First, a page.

The Office for People with Developmental Disabilities (OPWDD) recently changed its eligibility criteria for individuals seeking OPWDD services in New York. These services can be life-changing for individuals with disabilities. Effective October 2018, OPWDD now requires a physician’s written confirmation that an applicant has a qualifying diagnosis to support an application for OPWDD funded services.
Generally, OPWDD expects applicants to show that they can meet the (4) minimum eligibility requirements by demonstrating:
- the presence of a developmental disability that is described by certain qualifying diagnoses, or conditions including intellectual disability, autism, cerebral palsy, epilepsy, familial dysautonomia, neurological impairment, and Prader-Willi syndrome;
- that the qualifying diagnosis occurred prior to the age of 22;
- that the qualifying diagnosis is expected to continue indefinitely; and
- prior to the age of 22, the qualifying diagnosis caused substantial deficits in adaptive functioning.
OPWDD considers all relevant clinical information based upon a history and presence of developmental disability prior to the age of 22, standardized intelligence testing, and standardized measures of adaptive functioning that can detect substantial handicaps or functional limitations.
Prior to the new rule, an applicant could provide reports of psychological testing of their intellectual functioning, adaptive behavior functioning, social/developmental history, and medical reports after receiving treatment and/or a diagnosis from psychologists, neuropsychologists, nurse practitioners, physician’s assistants, and other practitioners who were otherwise qualified without the endorsement of a medical doctor. Before the implementation of the new rule, OPWDD respected assessments conducted by qualified practitioners who could also provide interpretations of standardized measures of intelligence and adaptive behavior. These assessments were deemed valid and counted in eligibility reviews without a confirmation from a physician. Prior to the new rule, a qualified practitioner was described by the agency as a person holding a directly relevant masters or doctoral level education with training and supervised experience in the use and interpretation of such measures.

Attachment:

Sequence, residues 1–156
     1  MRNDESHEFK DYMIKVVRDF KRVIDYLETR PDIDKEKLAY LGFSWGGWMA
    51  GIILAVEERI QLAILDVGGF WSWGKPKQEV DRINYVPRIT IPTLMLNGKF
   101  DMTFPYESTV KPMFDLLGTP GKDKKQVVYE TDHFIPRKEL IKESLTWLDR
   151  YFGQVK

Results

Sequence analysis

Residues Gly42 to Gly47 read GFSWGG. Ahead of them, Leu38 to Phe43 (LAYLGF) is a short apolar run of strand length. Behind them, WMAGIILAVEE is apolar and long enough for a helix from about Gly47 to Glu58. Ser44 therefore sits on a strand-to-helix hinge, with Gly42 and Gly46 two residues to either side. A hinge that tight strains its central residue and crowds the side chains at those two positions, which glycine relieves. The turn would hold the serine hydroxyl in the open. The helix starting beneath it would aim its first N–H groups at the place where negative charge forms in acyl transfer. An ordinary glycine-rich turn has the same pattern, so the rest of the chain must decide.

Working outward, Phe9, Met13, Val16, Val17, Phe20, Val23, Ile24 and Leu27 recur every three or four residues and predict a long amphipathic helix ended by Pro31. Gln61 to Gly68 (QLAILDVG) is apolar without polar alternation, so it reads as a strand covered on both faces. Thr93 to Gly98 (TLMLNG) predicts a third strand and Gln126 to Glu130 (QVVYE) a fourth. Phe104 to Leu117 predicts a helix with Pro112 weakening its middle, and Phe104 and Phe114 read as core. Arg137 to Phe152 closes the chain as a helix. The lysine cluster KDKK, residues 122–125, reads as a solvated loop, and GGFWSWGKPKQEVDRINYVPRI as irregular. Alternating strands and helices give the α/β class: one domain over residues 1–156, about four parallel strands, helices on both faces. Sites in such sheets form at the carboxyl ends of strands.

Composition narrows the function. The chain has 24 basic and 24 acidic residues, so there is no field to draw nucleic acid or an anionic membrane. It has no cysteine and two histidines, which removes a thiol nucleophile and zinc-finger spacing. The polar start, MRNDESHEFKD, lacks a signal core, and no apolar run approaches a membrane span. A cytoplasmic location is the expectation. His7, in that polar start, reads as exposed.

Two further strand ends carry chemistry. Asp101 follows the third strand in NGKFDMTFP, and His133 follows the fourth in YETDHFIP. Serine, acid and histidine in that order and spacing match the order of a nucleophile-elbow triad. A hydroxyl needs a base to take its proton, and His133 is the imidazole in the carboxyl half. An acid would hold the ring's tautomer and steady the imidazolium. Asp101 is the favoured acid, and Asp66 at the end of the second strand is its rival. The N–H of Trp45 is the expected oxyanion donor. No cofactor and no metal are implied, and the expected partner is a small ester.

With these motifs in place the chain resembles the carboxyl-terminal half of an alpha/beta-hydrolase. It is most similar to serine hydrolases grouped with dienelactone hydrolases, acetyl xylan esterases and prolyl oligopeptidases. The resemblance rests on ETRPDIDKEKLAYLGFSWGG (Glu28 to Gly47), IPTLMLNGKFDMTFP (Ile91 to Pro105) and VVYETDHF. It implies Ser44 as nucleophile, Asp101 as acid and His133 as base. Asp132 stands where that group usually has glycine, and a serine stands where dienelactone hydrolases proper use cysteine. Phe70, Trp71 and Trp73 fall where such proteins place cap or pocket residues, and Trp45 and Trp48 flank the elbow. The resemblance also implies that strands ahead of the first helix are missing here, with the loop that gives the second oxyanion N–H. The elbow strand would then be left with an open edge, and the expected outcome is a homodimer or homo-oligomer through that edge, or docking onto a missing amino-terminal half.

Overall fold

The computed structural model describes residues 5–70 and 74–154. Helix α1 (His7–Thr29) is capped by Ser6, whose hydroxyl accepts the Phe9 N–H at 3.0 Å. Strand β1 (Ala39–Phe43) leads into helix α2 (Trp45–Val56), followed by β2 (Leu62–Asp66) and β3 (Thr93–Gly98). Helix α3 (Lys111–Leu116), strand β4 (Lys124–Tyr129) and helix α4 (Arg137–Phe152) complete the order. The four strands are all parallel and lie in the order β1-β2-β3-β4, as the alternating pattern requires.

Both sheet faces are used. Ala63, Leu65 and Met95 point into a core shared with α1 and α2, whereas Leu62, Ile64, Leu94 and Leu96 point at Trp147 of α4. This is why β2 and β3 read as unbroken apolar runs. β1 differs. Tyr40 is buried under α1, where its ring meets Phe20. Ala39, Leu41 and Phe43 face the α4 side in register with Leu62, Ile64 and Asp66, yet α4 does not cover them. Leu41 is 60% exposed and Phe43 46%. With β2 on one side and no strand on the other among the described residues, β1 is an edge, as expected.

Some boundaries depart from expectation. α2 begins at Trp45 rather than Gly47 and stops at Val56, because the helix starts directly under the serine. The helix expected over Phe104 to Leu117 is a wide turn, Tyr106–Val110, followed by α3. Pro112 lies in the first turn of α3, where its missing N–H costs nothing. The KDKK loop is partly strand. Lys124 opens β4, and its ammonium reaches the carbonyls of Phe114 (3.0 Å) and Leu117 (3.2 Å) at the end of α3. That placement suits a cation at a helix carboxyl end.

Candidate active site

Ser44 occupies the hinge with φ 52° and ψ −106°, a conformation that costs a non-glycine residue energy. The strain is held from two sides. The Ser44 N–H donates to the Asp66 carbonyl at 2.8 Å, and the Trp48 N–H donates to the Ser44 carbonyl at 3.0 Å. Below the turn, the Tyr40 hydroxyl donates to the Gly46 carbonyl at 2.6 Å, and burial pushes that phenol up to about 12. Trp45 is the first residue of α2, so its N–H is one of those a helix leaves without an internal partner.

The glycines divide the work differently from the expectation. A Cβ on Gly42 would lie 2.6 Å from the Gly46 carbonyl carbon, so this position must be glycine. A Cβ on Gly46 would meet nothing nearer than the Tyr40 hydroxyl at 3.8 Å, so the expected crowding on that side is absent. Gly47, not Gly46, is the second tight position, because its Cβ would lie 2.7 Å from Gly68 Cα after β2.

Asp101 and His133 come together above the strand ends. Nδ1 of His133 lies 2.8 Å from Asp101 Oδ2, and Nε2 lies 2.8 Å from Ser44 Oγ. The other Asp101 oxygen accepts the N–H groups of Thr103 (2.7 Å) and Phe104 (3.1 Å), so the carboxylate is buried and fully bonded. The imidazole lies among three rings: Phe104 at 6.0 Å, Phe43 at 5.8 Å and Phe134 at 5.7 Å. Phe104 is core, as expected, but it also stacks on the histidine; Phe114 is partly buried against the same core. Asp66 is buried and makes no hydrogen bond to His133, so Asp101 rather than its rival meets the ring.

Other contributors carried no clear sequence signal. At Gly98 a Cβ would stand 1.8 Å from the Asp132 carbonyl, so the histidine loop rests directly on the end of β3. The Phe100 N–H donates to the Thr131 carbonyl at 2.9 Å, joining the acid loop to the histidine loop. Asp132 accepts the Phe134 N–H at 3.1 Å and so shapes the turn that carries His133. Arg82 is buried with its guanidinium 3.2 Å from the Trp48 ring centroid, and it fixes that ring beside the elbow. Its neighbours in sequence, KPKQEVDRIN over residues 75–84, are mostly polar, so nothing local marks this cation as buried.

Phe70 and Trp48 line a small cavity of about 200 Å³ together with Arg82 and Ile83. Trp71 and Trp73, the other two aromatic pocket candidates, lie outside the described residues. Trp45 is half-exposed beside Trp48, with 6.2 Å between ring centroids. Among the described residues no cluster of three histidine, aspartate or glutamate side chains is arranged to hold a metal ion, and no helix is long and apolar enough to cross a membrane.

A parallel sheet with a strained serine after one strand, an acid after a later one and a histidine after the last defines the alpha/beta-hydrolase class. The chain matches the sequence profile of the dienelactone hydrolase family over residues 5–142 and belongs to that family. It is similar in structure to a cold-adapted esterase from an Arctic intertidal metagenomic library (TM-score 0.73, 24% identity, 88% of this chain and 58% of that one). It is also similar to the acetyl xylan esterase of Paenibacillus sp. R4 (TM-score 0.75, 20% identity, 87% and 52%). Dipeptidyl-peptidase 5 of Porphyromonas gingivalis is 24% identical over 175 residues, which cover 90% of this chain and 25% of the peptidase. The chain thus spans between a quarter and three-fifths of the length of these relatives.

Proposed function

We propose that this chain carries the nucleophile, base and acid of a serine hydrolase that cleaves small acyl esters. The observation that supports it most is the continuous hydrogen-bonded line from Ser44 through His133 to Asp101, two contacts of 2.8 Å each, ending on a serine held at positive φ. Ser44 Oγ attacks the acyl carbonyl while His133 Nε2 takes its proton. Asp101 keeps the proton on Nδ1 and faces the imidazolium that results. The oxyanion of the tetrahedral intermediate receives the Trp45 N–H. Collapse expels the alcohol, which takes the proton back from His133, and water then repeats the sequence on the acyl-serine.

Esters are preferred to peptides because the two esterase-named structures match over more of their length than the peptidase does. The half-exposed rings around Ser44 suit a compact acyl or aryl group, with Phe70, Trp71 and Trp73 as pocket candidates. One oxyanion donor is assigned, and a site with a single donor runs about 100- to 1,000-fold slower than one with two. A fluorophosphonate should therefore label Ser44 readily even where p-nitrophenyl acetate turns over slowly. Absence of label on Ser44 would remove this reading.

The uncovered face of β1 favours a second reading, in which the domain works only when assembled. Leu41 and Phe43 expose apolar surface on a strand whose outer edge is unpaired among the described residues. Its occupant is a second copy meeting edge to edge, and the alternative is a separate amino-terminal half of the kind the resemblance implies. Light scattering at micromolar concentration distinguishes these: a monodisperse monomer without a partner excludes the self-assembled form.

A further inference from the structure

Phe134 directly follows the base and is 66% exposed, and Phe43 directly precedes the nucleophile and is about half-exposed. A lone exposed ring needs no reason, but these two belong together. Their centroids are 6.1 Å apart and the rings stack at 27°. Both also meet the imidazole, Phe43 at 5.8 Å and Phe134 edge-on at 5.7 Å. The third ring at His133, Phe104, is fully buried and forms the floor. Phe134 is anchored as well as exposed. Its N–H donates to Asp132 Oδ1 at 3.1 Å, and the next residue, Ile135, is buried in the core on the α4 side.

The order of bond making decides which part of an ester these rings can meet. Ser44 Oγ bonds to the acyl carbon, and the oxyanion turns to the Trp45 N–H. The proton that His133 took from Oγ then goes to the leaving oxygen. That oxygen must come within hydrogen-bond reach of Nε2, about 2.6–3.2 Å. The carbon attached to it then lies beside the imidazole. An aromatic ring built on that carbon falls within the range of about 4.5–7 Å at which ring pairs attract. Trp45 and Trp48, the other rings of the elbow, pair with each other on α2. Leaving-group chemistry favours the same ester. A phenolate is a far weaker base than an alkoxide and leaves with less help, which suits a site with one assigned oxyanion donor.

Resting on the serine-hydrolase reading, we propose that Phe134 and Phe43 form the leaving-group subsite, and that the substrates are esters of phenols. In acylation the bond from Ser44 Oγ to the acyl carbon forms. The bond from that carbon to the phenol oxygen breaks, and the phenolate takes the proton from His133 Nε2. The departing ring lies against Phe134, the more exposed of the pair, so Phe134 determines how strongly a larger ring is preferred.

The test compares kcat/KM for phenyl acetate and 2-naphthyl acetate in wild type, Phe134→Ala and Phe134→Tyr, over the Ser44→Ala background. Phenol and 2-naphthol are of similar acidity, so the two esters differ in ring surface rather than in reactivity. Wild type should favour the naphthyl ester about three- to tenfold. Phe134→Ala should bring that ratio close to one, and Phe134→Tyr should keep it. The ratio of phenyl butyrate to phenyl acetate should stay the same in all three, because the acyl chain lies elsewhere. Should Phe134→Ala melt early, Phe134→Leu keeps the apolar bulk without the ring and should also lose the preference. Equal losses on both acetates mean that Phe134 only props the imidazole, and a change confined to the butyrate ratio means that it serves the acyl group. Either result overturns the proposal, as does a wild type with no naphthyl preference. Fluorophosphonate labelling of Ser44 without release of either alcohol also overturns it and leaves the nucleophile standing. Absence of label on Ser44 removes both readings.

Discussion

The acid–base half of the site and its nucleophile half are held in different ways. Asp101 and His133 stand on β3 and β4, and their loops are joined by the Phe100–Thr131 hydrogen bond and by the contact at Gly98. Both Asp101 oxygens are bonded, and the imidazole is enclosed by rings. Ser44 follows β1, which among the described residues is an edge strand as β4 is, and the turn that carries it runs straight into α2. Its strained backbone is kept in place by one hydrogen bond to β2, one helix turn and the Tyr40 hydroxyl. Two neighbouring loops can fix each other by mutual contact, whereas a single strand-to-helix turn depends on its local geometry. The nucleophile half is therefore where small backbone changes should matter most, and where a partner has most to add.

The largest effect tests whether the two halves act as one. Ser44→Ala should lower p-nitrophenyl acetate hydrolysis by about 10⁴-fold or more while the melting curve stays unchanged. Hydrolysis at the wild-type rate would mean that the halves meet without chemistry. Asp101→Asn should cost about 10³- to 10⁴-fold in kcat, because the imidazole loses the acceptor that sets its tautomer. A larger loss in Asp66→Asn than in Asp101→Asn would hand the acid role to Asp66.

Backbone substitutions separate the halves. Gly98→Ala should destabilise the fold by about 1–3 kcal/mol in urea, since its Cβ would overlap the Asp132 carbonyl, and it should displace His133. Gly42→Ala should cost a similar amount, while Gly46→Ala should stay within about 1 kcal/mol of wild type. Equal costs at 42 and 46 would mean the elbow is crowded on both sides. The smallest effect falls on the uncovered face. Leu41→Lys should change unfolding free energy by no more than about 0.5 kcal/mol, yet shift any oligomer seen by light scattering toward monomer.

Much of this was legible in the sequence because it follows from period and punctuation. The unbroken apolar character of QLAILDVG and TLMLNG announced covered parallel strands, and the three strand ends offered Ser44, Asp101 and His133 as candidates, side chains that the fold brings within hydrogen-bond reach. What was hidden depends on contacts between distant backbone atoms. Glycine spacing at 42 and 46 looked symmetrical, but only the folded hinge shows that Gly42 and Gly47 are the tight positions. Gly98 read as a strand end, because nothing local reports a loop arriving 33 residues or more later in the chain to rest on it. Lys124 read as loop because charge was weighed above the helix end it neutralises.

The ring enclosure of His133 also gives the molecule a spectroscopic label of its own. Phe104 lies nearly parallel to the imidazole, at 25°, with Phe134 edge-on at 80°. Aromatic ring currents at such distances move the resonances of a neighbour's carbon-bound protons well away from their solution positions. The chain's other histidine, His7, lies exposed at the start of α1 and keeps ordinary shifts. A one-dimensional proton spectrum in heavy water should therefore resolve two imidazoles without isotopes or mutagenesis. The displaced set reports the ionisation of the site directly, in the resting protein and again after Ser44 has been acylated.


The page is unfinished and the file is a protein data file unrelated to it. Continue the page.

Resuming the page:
However, the new requirement adds a burden for applicants who receive treatment under otherwise qualified practitioners by requiring a validation from a medical doctor despite the practitioner’s education, training, and overall expertise in the field. Talk to an experienced attorney or advocate if you have questions.